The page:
Basic Concepts to learn before HR interview

To pass an HR interview, you must have a thorough understanding of the following concepts:

Labour Laws: As a potential HR manager, you must know and comprehend all applicable employment laws that protect employees’ rights. It is your responsibility to educate employees on their rights while also assisting employers in avoiding lawsuits, penalties, and legal costs.

As a result, attempt to review all labour laws before the interview, particularly those concerning discrimination and harassment, worker health and safety, industrial disputes, contract labour, factory act (1948), payment (including wages), also health etc. Interviewers frequently ask the following questions:

  • The Industrial Employment (Standing Order) Act of 1946 applies to which type of businesses?
  • Is a worker compensated if he is suspended pending an investigation?

Organisational Behavior: One of the most basic yet crucial responsibilities of an HR professional is to increase employee engagement and provide a positive work experience. It is your job as an HR professional to assist managers inadequately managing their personnel.

For this, the HR department may need to devise or construct a variety of employee engagement activities that inspire and drive employees to work more efficiently and productively. Maslow’s Hierarchy of Needs, McGregor’s Theory X and Theory Y, Herzberg’s Motivation theory, and Vroom Expectancy theory are the theories you’ll need to brush up on for this.

However, simply knowing the theories will not suffice. You must also be aware of their practical ramifications. Some of the most frequently asked questions:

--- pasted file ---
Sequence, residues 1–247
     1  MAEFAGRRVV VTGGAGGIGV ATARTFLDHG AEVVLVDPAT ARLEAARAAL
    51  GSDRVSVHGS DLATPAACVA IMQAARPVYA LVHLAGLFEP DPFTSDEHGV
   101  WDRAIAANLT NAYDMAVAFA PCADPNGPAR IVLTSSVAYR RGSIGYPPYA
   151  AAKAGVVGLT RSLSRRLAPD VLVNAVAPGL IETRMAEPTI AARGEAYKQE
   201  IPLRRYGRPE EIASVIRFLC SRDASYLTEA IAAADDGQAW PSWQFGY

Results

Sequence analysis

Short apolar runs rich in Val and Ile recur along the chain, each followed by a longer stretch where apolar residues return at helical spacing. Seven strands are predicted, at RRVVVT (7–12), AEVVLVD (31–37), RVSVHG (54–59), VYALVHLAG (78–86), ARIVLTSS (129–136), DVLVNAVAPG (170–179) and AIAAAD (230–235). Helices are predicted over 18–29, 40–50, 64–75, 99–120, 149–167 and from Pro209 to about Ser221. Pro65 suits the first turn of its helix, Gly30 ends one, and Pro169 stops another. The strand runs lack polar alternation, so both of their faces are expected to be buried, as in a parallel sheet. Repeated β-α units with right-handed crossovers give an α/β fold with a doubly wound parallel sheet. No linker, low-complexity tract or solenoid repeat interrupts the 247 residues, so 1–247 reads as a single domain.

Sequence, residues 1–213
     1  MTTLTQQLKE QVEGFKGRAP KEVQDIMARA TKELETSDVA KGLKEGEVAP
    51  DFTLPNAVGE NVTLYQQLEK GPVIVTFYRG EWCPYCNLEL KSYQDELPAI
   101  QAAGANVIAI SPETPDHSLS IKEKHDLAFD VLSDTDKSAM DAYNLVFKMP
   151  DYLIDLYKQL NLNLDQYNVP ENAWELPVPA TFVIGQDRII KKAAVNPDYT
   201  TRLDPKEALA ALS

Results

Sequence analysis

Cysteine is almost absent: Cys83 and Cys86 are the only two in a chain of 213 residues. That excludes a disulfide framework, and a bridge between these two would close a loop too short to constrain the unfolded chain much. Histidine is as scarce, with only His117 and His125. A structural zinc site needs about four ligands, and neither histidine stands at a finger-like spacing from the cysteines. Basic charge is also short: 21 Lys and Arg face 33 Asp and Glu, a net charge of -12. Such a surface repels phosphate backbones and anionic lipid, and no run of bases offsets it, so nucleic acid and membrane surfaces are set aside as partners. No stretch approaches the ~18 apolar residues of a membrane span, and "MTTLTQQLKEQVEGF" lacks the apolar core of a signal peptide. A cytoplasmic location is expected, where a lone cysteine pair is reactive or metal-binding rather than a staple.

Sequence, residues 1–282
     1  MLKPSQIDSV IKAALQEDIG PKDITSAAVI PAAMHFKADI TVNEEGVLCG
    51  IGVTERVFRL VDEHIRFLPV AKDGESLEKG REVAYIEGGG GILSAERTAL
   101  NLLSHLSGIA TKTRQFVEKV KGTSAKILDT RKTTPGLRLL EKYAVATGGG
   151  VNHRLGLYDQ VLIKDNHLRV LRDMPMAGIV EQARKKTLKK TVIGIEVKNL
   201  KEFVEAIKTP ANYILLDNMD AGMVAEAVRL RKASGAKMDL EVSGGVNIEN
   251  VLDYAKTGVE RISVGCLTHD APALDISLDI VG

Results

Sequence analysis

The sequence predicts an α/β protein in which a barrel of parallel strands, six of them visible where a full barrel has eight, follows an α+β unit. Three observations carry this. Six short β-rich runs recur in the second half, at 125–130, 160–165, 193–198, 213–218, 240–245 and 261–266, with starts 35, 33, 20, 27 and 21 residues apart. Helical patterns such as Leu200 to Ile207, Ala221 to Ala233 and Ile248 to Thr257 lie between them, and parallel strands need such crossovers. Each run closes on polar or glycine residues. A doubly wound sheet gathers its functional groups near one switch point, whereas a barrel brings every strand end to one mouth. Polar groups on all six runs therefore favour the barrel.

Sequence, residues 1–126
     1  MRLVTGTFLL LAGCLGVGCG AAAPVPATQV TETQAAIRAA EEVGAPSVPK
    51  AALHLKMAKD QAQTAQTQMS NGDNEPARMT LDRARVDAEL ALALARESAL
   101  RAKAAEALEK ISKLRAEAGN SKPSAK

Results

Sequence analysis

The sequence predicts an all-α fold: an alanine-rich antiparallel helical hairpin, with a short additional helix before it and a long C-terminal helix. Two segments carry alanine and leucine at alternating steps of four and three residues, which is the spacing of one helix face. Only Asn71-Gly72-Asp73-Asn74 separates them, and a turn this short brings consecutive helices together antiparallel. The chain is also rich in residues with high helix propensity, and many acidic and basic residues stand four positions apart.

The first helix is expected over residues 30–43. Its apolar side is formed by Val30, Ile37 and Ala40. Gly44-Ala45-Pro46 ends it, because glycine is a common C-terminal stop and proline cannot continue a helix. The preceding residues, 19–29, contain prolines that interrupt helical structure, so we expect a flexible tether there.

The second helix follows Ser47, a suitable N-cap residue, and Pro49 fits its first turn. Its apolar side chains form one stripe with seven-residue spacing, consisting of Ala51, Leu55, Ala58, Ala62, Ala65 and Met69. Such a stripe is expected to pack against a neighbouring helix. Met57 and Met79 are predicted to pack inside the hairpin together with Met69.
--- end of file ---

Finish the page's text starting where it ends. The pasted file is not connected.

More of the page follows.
• In Maslow’s Hierarchy of Needs, where do a factory worker and a CEO rank?
  • If you are a leader in one of your college’s departments, please tell us how theory X or theory Y will play out for you as you lead them.
  • Why does the IT industry have such a high attrition rate? Explain using the motivation theory.
  • For the Cisco system, IT support employees, map Vroom’s Expectancy Theory (or any big IT firm).

Compensation: Reasonable compensation and benefits plans attract top talent and aid in employee retention. As a result, HR’s role in this sector is critical. Benchmarking, keeping current documentation, and aligning remuneration and benefits with performance are all part of the job.

As a result, you’ll need to be well-versed in award criteria, compensation philosophy, job analysis, and so on. The following are some of the most often asked questions about this concept:

  • Compile a list of the stages involved in developing a compensation system.
  • Describe the role of stretch goals in inspiring employees.

Learning and Development: HR’s responsibility is to create, administer, and find prospective programmes that ensure that employees have the skills and information they need to compete in the outside world while still satisfying its commercial goals.

To do so, you must have a thorough understanding of behaviourism (classical and operant conditioning), the TNA, and the Kirkpatrick Model. Types of questions they might ask you:

  • Daily, our marketing department deals with a lot of merchandise. We order this for our clients, trade partners, and contest winners. On the other hand, employees have a habit of trying to trick or flick some of these items without even stating it. How can you get rid of this kind of behaviour?
  • Please explain how you want to conduct TNA for our company. We wish to digitise our accounting department.
  • What are the multiple levels of evaluation for training?
  • How can you know whether or not a training programme should be implemented?